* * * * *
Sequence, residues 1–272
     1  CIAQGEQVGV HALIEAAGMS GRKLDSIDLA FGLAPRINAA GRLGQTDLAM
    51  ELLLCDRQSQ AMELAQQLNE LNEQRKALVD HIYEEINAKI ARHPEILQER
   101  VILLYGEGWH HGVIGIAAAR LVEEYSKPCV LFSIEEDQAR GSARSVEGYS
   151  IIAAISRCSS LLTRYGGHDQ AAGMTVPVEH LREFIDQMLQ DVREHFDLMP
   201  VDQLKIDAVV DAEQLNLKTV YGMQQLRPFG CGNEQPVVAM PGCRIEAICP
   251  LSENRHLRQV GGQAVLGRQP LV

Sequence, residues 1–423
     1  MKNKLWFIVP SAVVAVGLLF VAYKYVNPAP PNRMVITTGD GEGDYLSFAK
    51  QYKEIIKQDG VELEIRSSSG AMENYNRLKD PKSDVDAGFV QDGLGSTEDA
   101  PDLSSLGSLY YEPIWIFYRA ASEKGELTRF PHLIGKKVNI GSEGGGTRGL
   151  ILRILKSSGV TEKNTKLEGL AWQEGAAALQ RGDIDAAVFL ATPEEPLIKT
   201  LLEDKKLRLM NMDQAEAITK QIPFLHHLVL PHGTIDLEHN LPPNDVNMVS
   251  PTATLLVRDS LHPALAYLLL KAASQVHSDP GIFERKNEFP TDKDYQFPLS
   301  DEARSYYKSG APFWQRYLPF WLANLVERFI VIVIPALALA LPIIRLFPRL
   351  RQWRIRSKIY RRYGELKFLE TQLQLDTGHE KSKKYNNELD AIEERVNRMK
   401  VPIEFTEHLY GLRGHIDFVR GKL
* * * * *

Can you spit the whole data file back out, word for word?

Sequence, residues 1–272
     1  CIAQGEQVGV HALIEAAGMS GRKLDSIDLA FGLAPRINAA GRLGQTDLAM
    51  ELLLCDRQSQ AMELAQQLNE LNEQRKALVD HIYEEINAKI ARHPEILQER
   101  VILLYGEGWH HGVIGIAAAR LVEEYSKPCV LFSIEEDQAR GSARSVEGYS
   151  IIAAISRCSS LLTRYGGHDQ AAGMTVPVEH LREFIDQMLQ DVREHFDLMP
   201  VDQLKIDAVV DAEQLNLKTV YGMQQLRPFG CGNEQPVVAM PGCRIEAICP
   251  LSENRHLRQV GGQAVLGRQP LV

Sequence, residues 1–423
     1  MKNKLWFIVP SAVVAVGLLF VAYKYVNPAP PNRMVITTGD GEGDYLSFAK
    51  QYKEIIKQDG VELEIRSSSG AMENYNRLKD PKSDVDAGFV QDGLGSTEDA
   101  PDLSSLGSLY YEPIWIFYRA ASEKGELTRF PHLIGKKVNI GSEGGGTRGL
   151  ILRILKSSGV TEKNTKLEGL AWQEGAAALQ RGDIDAAVFL ATPEEPLIKT
   201  LLEDKKLRLM NMDQAEAITK QIPFLHHLVL PHGTIDLEHN LPPNDVNMVS
   251  PTATLLVRDS LHPALAYLLL KAASQVHSDP GIFERKNEFP TDKDYQFPLS
   301  DEARSYYKSG APFWQRYLPF WLANLVERFI VIVIPALALA LPIIRLFPRL
   351  RQWRIRSKIY RRYGELKFLE TQLQLDTGHE KSKKYNNELD AIEERVNRMK
   401  VPIEFTEHLY GLRGHIDFVR GKL